CASE NO. 1701

Heard at Montreal, Wednesday, October 14, 1987






Discipline assessed to L. Cologiacomo for conduct unbecoming a VIA employee, and physical agression to a fellow employee.


Following an investigation held on April 14, 1986 relative to the above charges, the grievor’s record was assessed 30 demerit marks. The discipline, when added to the 45 demerit marks previously assessed, resulted in the grievor’s dismissal for accumulation of demerit marks.

The Brotherhood contends that the grievor was discriminated against and requested the substitution of a lesser penalty.

The Corporation has denied the Brotherhood’s request.



National Vice-President Director, Labour Relations

And for the Corporation:

C. O. White – Officer, Labour Relations, Montreal

C. Pollock – Officer, Labour Relations, Montreal

A. Deakin – Manager, Customer Service & Sales, Quebec

There appeared on behalf of the Brotherhood:

G. Côté – Regional Vice-President, Montreal

K. Cameron – Local Chairperson, Loc.335, Montreal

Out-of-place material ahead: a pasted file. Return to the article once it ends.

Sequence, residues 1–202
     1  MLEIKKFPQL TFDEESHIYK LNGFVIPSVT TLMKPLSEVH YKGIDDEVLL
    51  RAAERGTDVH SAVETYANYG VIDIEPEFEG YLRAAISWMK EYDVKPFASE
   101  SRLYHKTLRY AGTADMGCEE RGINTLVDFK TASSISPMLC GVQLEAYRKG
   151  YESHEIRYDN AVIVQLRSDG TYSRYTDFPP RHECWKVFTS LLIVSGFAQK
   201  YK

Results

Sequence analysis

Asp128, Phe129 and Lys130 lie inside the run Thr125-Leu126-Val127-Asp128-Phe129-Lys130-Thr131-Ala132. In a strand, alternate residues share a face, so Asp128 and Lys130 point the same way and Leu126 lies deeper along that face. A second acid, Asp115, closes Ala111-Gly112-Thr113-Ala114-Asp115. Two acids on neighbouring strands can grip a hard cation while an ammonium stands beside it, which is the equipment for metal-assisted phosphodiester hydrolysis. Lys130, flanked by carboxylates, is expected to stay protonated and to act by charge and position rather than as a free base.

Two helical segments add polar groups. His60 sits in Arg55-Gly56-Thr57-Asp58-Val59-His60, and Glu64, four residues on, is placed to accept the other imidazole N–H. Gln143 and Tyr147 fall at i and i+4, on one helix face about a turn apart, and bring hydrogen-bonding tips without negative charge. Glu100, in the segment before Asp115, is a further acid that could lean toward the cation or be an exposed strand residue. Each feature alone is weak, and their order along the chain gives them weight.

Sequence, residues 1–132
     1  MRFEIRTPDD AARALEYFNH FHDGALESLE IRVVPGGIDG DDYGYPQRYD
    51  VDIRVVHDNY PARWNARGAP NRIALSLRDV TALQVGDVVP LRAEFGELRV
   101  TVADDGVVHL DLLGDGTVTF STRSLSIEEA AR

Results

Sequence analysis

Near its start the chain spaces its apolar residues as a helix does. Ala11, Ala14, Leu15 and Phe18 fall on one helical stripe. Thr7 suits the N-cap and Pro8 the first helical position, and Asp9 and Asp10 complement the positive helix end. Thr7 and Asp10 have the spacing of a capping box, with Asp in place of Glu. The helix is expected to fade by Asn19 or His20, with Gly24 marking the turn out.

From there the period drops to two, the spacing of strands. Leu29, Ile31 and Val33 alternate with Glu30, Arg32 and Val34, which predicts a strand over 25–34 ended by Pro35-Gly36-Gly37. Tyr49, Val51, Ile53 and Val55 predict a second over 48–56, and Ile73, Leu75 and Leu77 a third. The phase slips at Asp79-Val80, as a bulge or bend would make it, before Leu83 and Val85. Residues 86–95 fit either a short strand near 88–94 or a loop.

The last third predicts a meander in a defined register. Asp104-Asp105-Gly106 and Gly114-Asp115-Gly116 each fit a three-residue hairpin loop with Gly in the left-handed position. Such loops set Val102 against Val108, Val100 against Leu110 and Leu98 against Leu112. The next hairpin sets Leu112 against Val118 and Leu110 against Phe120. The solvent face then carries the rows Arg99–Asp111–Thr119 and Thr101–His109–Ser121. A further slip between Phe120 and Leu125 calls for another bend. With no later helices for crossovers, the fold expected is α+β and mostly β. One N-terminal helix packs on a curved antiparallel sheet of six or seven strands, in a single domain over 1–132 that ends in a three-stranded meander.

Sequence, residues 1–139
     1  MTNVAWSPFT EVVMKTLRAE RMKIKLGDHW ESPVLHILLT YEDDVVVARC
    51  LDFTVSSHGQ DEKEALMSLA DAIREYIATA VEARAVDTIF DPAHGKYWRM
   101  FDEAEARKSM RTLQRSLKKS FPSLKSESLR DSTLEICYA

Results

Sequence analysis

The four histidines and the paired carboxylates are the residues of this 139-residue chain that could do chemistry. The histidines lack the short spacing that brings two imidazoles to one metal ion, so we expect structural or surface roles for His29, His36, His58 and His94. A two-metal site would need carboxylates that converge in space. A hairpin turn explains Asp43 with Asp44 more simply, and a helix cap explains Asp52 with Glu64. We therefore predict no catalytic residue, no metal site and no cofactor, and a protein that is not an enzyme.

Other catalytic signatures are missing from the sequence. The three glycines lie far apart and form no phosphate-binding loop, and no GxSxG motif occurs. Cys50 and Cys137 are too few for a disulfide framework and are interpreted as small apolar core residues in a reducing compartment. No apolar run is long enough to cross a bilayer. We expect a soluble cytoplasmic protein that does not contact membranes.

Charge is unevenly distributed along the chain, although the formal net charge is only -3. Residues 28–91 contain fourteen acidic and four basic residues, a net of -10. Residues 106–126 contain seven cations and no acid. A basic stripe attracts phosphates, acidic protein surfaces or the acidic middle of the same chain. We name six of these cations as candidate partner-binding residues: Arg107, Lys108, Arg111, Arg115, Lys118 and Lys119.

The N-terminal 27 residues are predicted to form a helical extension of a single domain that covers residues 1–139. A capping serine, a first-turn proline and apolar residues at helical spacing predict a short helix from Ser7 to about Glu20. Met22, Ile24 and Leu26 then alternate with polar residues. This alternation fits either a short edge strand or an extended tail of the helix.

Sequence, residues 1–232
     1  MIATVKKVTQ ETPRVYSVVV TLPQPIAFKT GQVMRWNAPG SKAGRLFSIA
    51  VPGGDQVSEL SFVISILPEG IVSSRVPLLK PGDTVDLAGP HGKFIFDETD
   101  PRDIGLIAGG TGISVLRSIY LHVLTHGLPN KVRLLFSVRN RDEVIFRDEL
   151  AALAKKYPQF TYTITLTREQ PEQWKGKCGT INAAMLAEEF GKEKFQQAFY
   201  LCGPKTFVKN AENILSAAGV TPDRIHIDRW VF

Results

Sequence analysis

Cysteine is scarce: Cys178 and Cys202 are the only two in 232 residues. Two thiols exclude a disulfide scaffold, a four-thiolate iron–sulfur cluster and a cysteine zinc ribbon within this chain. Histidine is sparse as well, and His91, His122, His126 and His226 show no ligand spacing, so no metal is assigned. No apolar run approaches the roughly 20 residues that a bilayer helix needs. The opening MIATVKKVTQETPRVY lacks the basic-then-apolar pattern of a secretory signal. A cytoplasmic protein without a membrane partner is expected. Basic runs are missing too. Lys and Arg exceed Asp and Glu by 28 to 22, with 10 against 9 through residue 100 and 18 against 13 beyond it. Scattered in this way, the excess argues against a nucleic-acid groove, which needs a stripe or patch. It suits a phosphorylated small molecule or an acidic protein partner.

L.P. Rousseau – Recording Secretary, Loc. 335, Montreal

Y. Noel – Grievance Officer, Loc. 335, Montreal

L. Cologiacomo – Grievor



The material establishes that the grievor, Luigi Cologiacomo verbally abused and assaulted two employees while off-duty in Toronto on March 14, 1986. The incidents in question occurred both inside and outside the Carlton Inn Hotel in Toronto shortly after the grievor and the employees in question had completed their tour of duty.

The Arbitrator has carefully reviewed the grievor’s account of what transpired, as well as the written reports submitted by three fellow employees. It should be noted that the employees were present at the hearing and the Union did not seek to require their testimony or cross examination before the Arbitrator.

The evidence establishes that in October of 1985 On-Board Services employee Mario Bacon had a conversation with the grievor respecting the way Mr. Bacon made coffee for passenger service. It appears that Mr. Bacon explained that he used less than a full packet of coffee to make a single pot, apparently because he believed that the coffee would otherwise be too strong. This seems to have disturbed the grievor, who formed the belief that Mr. Bacon was trying unduly to gain favour in the eyes of the Corporation, perhaps at the expense of other employees like himself. According to Mr. Bacon’s written account, which the Arbitrator accepts, Mr. Cologiacomo then made derisive comments, within the earshot of passengers and other employees to the effect that Mr. Bacon must be the best steward in all of Canada, being able to make two pots of coffee from a single packet.